I went onto https://www.bitaddress.org and the last tab there is a place to enter a private key and it shows the various formats of public and private keys.
It is strange to me that the public key can either be 33 Base58 or 130 Base16. It doesn't seem right, especially since the private key is 51 Base58 or 64 Base16 which makes sense.

So what gives? Here is a printscreen:

Bitcoin Address (33 or 34 characters, starts with a '1'): 1EHNa6Q4Jz2uvNExL497mE43ikXhwF6kZm

Public Key (130 characters [0-9A-F]): 0479BE667EF9DCBBAC55A06295CE870B07029BFCDB2DCE28D959F2815B16F8179 8483ADA7726A3C4655DA4FBFC0E1108A8FD17B448A68554199C47D08FFB10D4B8


  • What makes you think the public key can be 33 base 58? It most certainly cannot be. Mar 1 '12 at 6:38
  • 2
    He was thinking his bitcoin address was the same thing as his public key, just in a different format, as opposed to just being a hash of his public key, containing much less information. Mar 1 '12 at 18:38

Bitcoin private keys are 32 bytes, but are often stored in their full OpenSSL-serialized form of 279 bytes. They are serialized as 51 base58 characters, or 64 hex characters.

Bitcoin public keys (traditionally) are 65 bytes (the first of which is 0x04). They are typically encoded as 130 hex characters.

Bitcoin compressed public keys (as of 0.6.0) are 33 bytes (the first of which is 0x02 or 0x03). They are typically encoded as 66 hex characters.

Bitcoin addresses are RIPEMD160(SHA256(pubkey)), 20 bytes. They are typically encoded as 34 base58 characters.

  • 1
    So let me test my understanding: The private key is 32 bytes and the public key has an x and a y component of some magical curve making it 64 bytes. I suppose in the early days they used the full public key. It was good, but it needed a checksum and a prefix to prevent against accidental misuse. But when they added this it became too long, people complained, so they added some compression and shortened it up. What we now call the bitcoin address is 20 bytes now. Is this roughly correct? Mar 3 '12 at 23:24
  • Note that point compression (turning a 65 byte pubkey into a 33 byte one) is not the same as hashing (which is done for addresses). Mar 6 '12 at 15:03
  • Also, the hashing and adding of a checksum was always done in addresses. It's just that originally addresses weren't intended to be the norm for doing transactions (using "IP Transactions", which negotiated the pubkey directly). Mar 6 '12 at 15:04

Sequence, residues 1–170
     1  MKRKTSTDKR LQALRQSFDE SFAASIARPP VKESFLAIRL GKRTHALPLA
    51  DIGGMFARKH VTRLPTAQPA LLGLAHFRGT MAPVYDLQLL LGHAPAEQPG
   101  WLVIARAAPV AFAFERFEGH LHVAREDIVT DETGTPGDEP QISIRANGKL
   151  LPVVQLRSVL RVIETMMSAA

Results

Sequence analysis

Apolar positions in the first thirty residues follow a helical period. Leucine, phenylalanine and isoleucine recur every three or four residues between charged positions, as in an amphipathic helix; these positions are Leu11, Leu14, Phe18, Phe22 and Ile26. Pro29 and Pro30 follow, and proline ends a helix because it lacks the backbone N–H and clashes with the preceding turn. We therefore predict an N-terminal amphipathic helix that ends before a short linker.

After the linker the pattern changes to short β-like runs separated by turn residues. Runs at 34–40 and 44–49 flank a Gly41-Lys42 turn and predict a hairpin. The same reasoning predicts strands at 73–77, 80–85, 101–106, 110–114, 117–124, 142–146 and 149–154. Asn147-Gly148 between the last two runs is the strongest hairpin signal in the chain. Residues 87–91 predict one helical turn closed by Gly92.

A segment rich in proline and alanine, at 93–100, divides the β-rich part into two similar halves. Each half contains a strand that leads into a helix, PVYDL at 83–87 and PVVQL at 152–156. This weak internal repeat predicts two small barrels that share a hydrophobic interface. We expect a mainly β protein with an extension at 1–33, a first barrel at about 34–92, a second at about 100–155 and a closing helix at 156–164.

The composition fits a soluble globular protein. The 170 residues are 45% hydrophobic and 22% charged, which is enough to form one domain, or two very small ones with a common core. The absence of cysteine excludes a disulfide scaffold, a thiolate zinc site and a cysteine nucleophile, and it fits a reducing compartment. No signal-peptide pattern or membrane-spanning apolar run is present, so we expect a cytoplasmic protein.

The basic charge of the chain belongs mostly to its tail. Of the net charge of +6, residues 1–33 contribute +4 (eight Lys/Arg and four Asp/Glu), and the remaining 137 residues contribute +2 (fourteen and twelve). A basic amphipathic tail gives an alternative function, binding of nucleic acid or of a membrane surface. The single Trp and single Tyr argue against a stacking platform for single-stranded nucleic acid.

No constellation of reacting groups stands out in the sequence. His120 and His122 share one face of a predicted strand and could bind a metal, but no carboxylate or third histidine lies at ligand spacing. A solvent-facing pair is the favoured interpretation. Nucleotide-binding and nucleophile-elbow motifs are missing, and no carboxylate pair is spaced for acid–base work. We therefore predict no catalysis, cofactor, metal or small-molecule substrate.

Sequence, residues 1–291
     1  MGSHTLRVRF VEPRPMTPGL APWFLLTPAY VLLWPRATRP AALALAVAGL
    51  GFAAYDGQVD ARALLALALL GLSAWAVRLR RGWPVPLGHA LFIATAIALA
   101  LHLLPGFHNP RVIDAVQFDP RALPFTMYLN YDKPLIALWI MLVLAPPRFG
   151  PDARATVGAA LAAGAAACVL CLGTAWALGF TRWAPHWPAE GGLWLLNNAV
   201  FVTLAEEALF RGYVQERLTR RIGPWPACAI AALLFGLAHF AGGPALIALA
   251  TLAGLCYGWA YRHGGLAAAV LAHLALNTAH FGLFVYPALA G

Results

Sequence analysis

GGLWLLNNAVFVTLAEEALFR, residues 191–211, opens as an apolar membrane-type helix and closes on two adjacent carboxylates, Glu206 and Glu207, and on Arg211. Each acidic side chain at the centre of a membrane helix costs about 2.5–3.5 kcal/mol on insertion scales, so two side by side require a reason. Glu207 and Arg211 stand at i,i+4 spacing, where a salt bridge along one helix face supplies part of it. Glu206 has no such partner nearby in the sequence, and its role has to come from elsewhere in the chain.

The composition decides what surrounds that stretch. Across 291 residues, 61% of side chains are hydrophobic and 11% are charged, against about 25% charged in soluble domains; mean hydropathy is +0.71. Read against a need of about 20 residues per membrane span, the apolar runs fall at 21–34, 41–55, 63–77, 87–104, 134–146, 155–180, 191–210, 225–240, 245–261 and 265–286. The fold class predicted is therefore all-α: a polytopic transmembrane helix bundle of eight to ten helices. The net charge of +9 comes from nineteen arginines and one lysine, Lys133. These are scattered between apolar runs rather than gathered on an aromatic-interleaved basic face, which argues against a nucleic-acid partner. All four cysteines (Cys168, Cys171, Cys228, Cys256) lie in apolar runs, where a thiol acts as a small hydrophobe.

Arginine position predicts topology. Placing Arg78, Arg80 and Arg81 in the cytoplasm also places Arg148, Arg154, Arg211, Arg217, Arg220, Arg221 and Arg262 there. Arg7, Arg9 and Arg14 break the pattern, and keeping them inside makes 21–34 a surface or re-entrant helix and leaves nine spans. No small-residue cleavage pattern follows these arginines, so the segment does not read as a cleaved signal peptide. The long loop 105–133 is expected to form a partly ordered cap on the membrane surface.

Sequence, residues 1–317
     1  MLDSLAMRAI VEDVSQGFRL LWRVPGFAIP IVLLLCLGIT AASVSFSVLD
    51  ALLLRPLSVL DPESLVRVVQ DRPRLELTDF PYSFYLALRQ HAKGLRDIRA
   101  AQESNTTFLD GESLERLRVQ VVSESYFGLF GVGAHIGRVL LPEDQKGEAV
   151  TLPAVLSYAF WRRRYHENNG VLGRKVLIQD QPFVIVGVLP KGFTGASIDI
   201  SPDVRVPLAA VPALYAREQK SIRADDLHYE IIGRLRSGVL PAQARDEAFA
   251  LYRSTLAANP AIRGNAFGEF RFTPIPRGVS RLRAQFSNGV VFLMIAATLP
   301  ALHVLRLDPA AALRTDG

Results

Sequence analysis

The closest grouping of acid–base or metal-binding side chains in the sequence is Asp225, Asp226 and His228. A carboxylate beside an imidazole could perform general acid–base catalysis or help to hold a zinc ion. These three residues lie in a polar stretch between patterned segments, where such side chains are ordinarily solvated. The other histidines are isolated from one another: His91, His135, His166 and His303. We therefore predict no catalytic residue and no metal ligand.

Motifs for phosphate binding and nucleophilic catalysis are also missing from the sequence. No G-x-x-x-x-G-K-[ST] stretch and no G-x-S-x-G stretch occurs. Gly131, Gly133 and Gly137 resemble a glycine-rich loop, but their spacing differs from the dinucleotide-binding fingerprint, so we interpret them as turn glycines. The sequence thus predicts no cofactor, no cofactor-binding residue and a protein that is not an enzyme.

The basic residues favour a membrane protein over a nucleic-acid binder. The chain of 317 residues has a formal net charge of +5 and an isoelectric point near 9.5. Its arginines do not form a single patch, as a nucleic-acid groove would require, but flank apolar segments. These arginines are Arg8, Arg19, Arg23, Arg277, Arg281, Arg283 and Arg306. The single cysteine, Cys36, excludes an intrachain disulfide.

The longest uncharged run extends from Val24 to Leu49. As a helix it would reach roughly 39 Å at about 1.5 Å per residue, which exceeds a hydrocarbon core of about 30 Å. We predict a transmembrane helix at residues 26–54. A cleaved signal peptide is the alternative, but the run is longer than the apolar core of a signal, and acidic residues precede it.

Your public key is 65 bytes of data: A leading 0x04 byte followed by 32 bytes for the X coordinate and 32 bytes for the Y coordinate of the point it represents. It takes 130 hex characters at 4 bits per character to display the full key.

Your bitcoin address is a hash of your public key. It's a little more complex than that, involving multiple hashes and a built-in checksum, but that's basically true.

It's not possible to get from your bitcoin address to your public key. There are many public keys which have the same bitcoin address. The corresponding private key is able to spend the funds on that address if the funds were sent using the official client. It's incredibly hard to find a keypair with the same bitcoin address as an existing address. The check for spendability for funds sent to a bitcoin address is:

The spender of a transaction's output:

  • must supply a public key which hashes to the address specified by the creator of that transaction, and
  • must be abe to demonstrate that he holds the corresponding private key by signing his new transaction with it

At no point is there a check that the spender has the same public key as the intended recipient. Indeed, the creator of a transaction doesn't know the public key of the intended recipient, only his bitcoin address.

  • Check the (new) first link on the my answer. I linked it to the wiki's ECDSA page which talks about key sizes. Mar 2 '12 at 23:04
  • Compressed public keys, which will be used as of bitcoin 0.6.0, are only 33 bytes. Mar 2 '12 at 23:17

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